September 15, 2019

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Employers and the Swine Flu Outbreak: Four Ways to Be Proactive

With the escalating number of reported swine flu cases reaching pandemic status, employers should be taking steps to prepare for the impact of this development on their workplaces and to ensure the well-being of their employees. What follows are several precautions that employers should consider as part of a proactive response.

Minimize Risks of Exposure

Provide resources and a work environment that promotes personal hygiene, such as readily accessible tissues, no-touch trash cans, hand soap, hand sanitizers and disposable towels to clean work surfaces. Make available personal protective equipment, such as surgical masks or respirators. Provide employees with up-to-date information and training on influenza risk factors and protective behaviors. Schedule work tasks in a way that minimizes exposure levels by reducing the number of employees who must be at work simultaneously or in one specific location, such as flexible work arrangements; staggered shifts; and greater usage of telecommuting. Consider postponing nonessential travel to locations with high illness transmission rates.

Address Instances of Illness or Possible Illness

Send employees home who are showing flu-like symptoms (e.g., fever, headache, sore throat, runny or stuffy nose) and encourage them to stay home until they provide medical certification clearing them to return to work. Require employees to report if they (i) are experiencing flu-like symptoms; (ii) have been diagnosed with any communicable illness; (iii) believe they may have been exposed to a person so diagnosed; or (iv) recently have visited a location where there has been a significant outbreak of swine flu. Inform employees that such information will be kept confidential to the extent possible, but that full confidentiality cannot be guaranteed. Avoid penalizing sick employees.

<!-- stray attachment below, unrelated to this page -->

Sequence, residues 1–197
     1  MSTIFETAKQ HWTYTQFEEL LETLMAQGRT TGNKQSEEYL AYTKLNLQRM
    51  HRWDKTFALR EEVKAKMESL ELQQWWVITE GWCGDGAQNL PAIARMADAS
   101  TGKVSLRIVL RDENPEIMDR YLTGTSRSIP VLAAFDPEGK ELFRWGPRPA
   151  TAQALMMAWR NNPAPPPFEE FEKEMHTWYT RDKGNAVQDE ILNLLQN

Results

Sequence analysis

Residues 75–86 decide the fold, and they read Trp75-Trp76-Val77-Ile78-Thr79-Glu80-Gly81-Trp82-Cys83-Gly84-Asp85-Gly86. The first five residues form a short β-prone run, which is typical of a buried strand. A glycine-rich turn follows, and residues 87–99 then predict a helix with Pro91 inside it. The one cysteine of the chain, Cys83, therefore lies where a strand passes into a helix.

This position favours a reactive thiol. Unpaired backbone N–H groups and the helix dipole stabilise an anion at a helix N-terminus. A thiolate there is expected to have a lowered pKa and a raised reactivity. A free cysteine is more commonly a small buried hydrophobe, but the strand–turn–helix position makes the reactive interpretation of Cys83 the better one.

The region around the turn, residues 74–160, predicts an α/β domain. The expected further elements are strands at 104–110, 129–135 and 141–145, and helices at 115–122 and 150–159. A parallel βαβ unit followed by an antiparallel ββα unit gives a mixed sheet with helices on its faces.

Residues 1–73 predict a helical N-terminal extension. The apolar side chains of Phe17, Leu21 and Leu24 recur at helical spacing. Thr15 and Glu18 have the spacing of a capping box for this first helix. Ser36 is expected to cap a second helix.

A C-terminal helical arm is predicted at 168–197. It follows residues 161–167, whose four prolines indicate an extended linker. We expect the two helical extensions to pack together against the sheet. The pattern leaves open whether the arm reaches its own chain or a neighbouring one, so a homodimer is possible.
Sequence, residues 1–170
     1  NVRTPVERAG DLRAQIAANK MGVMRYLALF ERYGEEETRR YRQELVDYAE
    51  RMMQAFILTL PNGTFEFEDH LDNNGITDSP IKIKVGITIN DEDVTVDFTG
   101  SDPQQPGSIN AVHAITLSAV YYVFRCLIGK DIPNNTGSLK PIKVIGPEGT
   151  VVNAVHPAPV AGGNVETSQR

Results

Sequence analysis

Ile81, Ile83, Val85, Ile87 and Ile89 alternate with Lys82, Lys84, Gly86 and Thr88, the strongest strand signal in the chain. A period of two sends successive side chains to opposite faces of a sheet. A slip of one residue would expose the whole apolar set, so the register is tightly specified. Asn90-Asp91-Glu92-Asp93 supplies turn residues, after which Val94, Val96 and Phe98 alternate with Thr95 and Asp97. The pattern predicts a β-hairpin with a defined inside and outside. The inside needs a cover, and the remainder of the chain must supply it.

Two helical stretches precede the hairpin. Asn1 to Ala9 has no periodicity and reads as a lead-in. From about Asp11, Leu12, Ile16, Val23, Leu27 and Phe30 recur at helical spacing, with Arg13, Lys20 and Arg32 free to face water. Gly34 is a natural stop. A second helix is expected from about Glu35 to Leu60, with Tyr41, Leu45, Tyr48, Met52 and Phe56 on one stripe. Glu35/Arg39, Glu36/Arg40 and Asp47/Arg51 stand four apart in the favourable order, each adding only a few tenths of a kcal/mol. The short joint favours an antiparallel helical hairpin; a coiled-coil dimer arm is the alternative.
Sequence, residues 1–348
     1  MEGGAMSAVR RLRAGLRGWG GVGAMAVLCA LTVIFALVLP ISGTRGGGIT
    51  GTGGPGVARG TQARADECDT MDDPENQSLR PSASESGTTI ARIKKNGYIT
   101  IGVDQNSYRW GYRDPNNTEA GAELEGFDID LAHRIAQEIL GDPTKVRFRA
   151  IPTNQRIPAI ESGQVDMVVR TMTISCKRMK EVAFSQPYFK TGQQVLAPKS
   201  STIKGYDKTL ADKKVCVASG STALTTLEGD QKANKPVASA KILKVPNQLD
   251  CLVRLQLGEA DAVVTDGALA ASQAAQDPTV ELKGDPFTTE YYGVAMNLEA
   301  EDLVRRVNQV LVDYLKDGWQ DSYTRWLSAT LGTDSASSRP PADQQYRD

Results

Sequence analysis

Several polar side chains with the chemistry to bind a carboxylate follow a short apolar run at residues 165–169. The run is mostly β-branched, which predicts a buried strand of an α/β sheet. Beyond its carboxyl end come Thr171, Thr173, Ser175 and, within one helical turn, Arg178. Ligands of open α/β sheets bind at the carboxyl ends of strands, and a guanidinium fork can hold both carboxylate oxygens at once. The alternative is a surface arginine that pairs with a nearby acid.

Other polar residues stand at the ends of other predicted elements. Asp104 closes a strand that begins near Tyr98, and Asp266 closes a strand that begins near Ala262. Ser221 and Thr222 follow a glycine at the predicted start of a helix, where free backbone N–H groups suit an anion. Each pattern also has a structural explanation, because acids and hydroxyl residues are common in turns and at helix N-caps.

Plan for Large-Scale Absences and Other Workplace Disruptions

Identify your essential functions and the individuals who perform them, and cross-train employees to ensure resiliency in the event of large-scale absences. Update your employee home phone and address list. Also, plan for interruptions in essential government services, supplies and deliveries.

Develop a Communicable Illness Response Program

Consider developing a comprehensive communicable illness response program that encompasses the proactive steps outlined above. Such a program should also include assigning responsibility to one or more individuals to maintain and implement the program; assuring that all applicable governmental regulations and guidelines are followed; and informing and educating employees about communicable illnesses generally and swine flu in particular.

While the extent of the swine flu outbreak is not yet fully known, it is not too early for employers to begin preparing for the possible impact.

© 2019 Much Shelist, P.C.

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About this Author

Irving M. Geslewitz, Much Shelist Law Firm, Labor Employment Attorney
Principal

Irv Geslewitz, a is a "one-stop shop" when it comes to representing and counseling his clients in any matter relating to employment laws and labor relations. A principal in the firm's Labor & Employment group, Irv has extensive experience representing employers and executives on issues or disputes arising out of the employment relationship. He also handles the entire gamut of labor relations issues that confront management in a unionized setting. His experience ranges from reviewing and helping prepare employment contracts, policies and manuals to representing clients in employment-...

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